"Copper/nickel sandwich" buses for series connections

Batteries, Chargers, and Battery Management Systems.
TrotterBob   10 W

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Re: "Copper/nickel sandwich" buses for series connections

Post by TrotterBob » May 09 2021 11:20pm

Oh dayum. That does not look like fun.

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Re: "Copper/nickel sandwich" buses for series connections

Post by fubgumfaw » May 12 2021 2:01pm

Back on topic... :)

I found this .3mm copper with nickel coating on each side. I have bought a roll of it to try out. Maybe it will spot weld like a little section of nickel does on top of copper? I've been buying nickel from this guy for a while now and just saw he had this.

https://www.ebay.com/itm/133104900617?var=432415150002

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ridethelightning   10 MW

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Re: "Copper/nickel sandwich" buses for series connections

Post by ridethelightning » May 13 2021 1:13am

ace man! that looks like good stuff. how did you get .3mm,? link is 0.15mm i saw

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Re: "Copper/nickel sandwich" buses for series connections

Post by john61ct » May 13 2021 1:15am

Cool!

key issue is, if the plating is thick enough to increase the copper's resistance enough

Please let us know!

Are you using Kweld with caps or lipo or? Optimizing the joules output might be critical

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Re: "Copper/nickel sandwich" buses for series connections

Post by fubgumfaw » May 13 2021 4:36pm

ridethelightning wrote:
May 13 2021 1:13am
ace man! that looks like good stuff. how did you get .3mm,? link is 0.15mm i saw
LOL...typo on my part...said the wrong thickness. Oopsie!
john61ct wrote:
May 13 2021 1:15am
key issue is, if the plating is thick enough to increase the copper's resistance enough
Please let us know!

Are you using Kweld with caps or lipo or? Optimizing the joules output might be critical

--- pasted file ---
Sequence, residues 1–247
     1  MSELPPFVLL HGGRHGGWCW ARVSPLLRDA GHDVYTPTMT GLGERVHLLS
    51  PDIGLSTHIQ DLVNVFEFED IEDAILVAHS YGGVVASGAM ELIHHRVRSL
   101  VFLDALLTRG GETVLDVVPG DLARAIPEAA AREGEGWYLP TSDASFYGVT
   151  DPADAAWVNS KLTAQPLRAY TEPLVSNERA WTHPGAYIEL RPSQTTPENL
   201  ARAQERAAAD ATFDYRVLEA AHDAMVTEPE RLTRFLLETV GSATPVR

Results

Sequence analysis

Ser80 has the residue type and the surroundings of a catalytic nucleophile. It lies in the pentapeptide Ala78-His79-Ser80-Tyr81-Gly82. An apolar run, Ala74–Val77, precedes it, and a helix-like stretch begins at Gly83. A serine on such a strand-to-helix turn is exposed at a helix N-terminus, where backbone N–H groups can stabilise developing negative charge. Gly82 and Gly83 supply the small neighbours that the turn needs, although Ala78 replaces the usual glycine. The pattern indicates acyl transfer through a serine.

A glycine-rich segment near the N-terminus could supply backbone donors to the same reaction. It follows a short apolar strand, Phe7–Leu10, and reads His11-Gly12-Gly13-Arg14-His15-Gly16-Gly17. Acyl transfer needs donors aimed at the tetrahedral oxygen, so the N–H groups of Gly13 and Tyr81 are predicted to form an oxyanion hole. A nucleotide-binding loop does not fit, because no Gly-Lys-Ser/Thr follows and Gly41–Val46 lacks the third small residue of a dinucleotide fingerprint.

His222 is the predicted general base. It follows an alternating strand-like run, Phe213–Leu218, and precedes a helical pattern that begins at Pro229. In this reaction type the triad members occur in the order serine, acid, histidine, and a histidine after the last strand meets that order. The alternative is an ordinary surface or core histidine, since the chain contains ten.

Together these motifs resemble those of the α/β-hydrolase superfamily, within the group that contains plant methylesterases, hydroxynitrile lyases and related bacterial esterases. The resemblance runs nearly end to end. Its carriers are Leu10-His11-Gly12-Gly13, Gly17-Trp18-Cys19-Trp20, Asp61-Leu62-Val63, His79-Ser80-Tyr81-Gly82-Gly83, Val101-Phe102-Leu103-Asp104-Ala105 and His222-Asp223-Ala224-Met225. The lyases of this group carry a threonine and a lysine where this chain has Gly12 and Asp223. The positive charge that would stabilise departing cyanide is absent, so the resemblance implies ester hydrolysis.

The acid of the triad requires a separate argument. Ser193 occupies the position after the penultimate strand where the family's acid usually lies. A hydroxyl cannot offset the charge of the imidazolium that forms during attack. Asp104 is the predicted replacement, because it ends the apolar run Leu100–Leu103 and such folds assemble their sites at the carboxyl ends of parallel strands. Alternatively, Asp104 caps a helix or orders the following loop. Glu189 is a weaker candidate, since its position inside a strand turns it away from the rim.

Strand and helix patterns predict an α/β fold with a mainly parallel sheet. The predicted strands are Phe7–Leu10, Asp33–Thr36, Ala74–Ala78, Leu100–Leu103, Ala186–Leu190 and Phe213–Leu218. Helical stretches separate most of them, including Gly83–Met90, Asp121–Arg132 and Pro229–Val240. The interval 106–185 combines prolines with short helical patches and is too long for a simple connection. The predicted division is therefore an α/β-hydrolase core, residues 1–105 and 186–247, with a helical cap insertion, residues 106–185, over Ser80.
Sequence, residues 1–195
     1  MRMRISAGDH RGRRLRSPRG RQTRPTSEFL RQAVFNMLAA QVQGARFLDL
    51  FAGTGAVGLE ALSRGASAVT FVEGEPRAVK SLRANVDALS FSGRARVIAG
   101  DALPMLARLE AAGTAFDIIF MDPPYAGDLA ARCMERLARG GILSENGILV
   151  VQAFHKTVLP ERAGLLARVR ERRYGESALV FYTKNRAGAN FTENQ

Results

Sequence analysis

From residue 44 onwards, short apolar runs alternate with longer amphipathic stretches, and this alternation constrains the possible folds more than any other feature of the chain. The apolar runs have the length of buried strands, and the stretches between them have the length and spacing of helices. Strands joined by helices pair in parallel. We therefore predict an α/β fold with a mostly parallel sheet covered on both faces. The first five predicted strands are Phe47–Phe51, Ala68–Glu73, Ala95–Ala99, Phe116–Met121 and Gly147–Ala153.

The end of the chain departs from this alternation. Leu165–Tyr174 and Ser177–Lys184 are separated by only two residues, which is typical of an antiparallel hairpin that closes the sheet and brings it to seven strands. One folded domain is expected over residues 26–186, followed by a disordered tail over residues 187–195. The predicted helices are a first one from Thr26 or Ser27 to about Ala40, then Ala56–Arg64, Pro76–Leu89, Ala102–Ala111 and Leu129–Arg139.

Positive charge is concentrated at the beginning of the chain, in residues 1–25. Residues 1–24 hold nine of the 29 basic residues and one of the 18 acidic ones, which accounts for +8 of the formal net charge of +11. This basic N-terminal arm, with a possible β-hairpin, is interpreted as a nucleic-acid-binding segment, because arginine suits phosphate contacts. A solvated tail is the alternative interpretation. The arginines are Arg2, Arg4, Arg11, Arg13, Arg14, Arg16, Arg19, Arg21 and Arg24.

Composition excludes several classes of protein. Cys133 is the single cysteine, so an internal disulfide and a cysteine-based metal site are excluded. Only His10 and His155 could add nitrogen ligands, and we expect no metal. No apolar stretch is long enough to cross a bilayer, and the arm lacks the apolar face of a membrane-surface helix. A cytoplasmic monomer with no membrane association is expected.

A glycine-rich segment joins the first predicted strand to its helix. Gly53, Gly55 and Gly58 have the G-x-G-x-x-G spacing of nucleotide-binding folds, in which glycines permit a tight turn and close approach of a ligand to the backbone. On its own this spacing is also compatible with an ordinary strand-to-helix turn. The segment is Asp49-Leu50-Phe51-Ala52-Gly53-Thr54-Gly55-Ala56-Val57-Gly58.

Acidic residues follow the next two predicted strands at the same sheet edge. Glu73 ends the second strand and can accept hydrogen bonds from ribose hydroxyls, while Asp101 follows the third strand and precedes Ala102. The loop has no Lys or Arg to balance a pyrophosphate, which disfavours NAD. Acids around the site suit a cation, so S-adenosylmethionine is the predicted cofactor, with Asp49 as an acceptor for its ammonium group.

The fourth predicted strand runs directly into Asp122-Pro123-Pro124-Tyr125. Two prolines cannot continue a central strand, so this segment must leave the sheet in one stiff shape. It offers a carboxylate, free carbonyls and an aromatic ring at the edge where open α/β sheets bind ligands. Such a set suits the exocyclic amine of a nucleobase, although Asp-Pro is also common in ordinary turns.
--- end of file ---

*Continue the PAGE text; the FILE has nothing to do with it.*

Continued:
I posted it so that others might give it a try too, but yeah...I'll be posting if I can spot weld it or not.

I have a KWELD and 2 super cap modules in parallel and dual 50 amp PSU's keeping all of that powered up. Super cap voltage and charge level never lags behind my welding speed. I have to stop for hot weld probes, but not for the super caps to catch up. I also made the wires between everything as short as possible to reduce resistive losses to the minimum. For portable use, I built an LTO pack that is about 44Ah. Either way, it all plugs into the dual super cap modules.

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Re: "Copper/nickel sandwich" buses for series connections

Post by john61ct » May 14 2021 1:31am

Great stuff.

Best to also post this setup description with your results if successful to the main KWELD thread for reference there.

Using the kcap units in effect insulates the main unit from batteries that have too high/fast power output, is that correct?

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ridethelightning   10 MW

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Re: "Copper/nickel sandwich" buses for series connections

Post by ridethelightning » May 14 2021 2:59am

id be keen to see if you manage to weld the nickel plated copper.
i tried plating my own but the power of the weld pulse for copper just flashed off the nickel when i tried to weld it.

if i can find some tin it may prove to be better.